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Pope francis's visit to iraq

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Pope Francis's visit to Iraq took place between 5 March and 8 March 2021. The visit was accorded on following an invitation of the Government of Iraq and the local Catholic Church. The visit was remembered as an attempt to mend bridges between the different faiths in Iraq. With this visit, Pope Francis became the first Pope to visit Iraq.

During his visit, the pope visited the cities of Ur, Baghdad, Najaf, Qaraqosh, Erbil and Mosul.[1]

Pope John Paul II wanted to visit Ur, the birthplace of Abraham according to the biblical tradition during a journey through the Middle East including Israel, Jordan and Palestine but the journey was cancelled due to differences between the Government of Saddam Hussein and the representatives of the Holy See.[2]

The visit was accorded on following an invitation of the Government of Iraq and the local Catholic Church.[3]

The preparations for the visit were nearing completion early in 2020, when he met the President of Iraq, Barham Salih, at an audience in the Vatican on 25 January of that year.[4] On the 7 December 2020, the Holy See Press Director Matteo Bruni released a statement confirming that Pope Francis would make an apostolic visit after accepting the invitation of the Republic of Iraq and the local Catholic Church to visit the Middle Eastern country of Iraq between 5–8 March 2021. It was his first apostolic visit since November 2019 as journeys were canceled due to the COVID-19 pandemic throughout 2020.[2] Pope Francis mentioned he would arrive as a penitent pilgrim and pray for forgiveness after a long period of interreligious conflicts during the civil war in Iraq.[5] Despite the fact that the Ambassador of the Vatican, Archbishop Misko Leskovar contracted COVID-19 and remained in self-isolation, the Pope wanted to travel to Iraq.[5] During the visit, several security measures were taken to address the COVID-19 pandemic as well as threats of terrorist attacks.[5][6] The visit to Ali Al-Sistani in Najaf was prepared with great care to details such as what beverages will be taken or on for how many meters Pope Francis will walk to Al Sistani home.[7] Before arrival, Francis, 20 members of his entourage, and more than 70 journalists who accompanied them were vaccinated against COVID-19.[8]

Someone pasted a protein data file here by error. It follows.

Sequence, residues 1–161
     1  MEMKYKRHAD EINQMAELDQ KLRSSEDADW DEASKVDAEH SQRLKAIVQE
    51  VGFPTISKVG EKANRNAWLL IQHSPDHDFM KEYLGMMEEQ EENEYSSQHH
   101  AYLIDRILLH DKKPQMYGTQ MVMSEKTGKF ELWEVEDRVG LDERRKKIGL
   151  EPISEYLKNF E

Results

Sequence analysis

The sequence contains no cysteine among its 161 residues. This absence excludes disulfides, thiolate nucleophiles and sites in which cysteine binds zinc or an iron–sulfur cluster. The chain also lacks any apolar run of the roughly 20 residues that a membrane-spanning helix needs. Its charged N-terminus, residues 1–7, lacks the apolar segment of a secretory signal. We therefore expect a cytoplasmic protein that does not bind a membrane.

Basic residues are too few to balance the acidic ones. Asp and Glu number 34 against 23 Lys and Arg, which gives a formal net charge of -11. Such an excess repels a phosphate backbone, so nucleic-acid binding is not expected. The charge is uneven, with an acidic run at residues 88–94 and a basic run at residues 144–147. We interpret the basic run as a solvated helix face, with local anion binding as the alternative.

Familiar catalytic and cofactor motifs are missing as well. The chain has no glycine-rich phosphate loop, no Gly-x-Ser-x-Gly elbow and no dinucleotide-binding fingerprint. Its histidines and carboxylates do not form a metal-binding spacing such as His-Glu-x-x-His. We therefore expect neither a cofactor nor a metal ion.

He landed in Baghdad on the 5 March and addressed the Iraqi population through a televised speech acknowledging the importance of Iraq as a cradle of civilizations.[5][9] Upon his arrival at the Baghdad International Airport, the pope was given a welcome gift of a replica from a work of Mohammed Ghani Hikmat depicting the Passion of Jesus before his crucifixion, by the Iraqi President Barham Salih.[10] He also met with the Iraqi Prime Minister Mustafa al Kadhimi and members of the christian cleric.[1]

On the 6 March 2021 he visited Najaf, where he met the Shia cleric and Grand Ayatollah Ali Al Sistani.[11] The meeting took place in the home of Al Sistani nearby the Imam Ali Shrine.[12] They released a joint statement against religious extremism. On the same day he visited Ur, which according to the Bible is the birthplace of Abraham, whom Jews, Muslims and Christians consider is their religious father.[11] In the evening he returned to Baghdad where he held a mass in the Church of St.Joseph.[13] It was the first time, that Pope Francis delivered a liturgy according to the eastern rite.[13]

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